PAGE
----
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Review of "The Career Killer" by Ali Gunn

Author Ali Gunn brings us the first in her DCI Mabey series, with The Career Killer , a smart detective-mystery novel. Set in London, the main character works at London Yard, where her father wrote many of the training manuals. She may be her father's daughter, but her fellow detective would have preferred her father's son to be the heir apparent to his legacy. Newly-minted Detective Chief Inspector Elsie Maybe takes her new promotion in stride until she inherits a wonky tribe of underlings and a murder at an old church. She's not fast to gather clues, not because she's moving at half-speed due to Chronic Fatigue Syndrome, but because the nature of the new string of murders has some ring of normalcy or familiarity to her, starting with a young woman in a wedding dress found in the ruins of an ancient London church. She doesn't move like Columbo or Hercule Poirot, asking questions and sifting the carnage over in her mind. Instead, she seems to plot the next
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Celeste Ng and "Little Fires Everywhere"

Celeste Ng grew up in Shaker Heights, Ohio, and plots her story, Little Fires Everywhere in the same town. In between Shaker Heights and her story, Ng attended Harvard University and earned a master’s degree in fine arts from the University of Michigan. While we are talking about her writing chops, this latest book is also a Hulu original series starring Reese Witherspoon and Kerry Washington. As for the book, it’s available on Kindle, in paperback, and on Audible. And, you might want to take a look because the story Celeste Ng draws us into is powerful and complicated. The story starts with the nearly idyllic setting of Shaker Heights and Elena Richardson, who we think might be close to a Stepford Wife. Ng sets a somewhat long and winding road, giving us new hints and grudgingly providing backstory only as it’s needed to justify Elena’s latest movements across town while renting her and her husband’s starter home to a single woman, Mia Warren, and her daughter Pearl.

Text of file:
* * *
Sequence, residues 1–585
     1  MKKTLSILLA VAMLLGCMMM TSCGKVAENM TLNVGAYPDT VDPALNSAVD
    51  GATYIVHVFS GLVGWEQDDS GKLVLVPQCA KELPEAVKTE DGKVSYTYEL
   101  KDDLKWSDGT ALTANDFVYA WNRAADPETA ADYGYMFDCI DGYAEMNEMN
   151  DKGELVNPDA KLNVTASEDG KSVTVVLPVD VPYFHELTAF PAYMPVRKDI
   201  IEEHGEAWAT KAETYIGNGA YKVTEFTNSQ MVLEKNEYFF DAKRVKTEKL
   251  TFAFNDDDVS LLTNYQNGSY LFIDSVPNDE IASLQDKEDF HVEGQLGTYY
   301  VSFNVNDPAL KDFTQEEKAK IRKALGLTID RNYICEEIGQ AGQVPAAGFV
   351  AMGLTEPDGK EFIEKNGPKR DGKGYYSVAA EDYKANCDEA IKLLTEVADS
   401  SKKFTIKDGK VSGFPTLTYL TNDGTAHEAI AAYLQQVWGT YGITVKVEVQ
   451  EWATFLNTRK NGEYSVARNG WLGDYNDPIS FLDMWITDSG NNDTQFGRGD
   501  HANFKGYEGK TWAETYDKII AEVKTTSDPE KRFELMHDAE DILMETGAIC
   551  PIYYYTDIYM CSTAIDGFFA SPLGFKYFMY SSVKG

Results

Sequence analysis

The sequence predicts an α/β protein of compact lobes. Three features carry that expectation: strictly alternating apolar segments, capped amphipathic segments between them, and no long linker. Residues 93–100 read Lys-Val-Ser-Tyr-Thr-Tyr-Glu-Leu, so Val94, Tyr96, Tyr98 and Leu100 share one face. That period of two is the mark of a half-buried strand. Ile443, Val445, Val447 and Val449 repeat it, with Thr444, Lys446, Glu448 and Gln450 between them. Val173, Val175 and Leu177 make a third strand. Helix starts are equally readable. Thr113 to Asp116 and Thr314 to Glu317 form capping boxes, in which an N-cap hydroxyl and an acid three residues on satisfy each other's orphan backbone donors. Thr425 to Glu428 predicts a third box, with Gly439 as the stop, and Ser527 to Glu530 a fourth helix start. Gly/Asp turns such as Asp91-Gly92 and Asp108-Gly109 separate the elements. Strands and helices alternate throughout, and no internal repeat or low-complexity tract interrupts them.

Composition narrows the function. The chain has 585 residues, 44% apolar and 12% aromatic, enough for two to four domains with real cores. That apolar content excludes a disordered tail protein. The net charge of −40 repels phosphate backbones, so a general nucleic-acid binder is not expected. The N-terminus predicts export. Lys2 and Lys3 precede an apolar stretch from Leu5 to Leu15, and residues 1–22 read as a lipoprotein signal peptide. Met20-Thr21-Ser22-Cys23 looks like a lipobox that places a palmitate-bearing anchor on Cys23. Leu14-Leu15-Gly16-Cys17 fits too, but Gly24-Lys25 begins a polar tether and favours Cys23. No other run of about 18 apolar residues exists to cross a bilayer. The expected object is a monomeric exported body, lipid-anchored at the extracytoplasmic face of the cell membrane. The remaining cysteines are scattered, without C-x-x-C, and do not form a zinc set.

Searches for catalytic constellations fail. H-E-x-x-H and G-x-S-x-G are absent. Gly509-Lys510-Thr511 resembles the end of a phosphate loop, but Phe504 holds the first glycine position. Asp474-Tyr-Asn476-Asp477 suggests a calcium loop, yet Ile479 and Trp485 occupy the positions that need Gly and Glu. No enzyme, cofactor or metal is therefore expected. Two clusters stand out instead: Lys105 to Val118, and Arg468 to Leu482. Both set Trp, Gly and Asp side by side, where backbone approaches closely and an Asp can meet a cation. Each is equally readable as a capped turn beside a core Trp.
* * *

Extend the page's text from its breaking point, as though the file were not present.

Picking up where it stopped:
Review of "Perfect Anastasia" by Jack Binding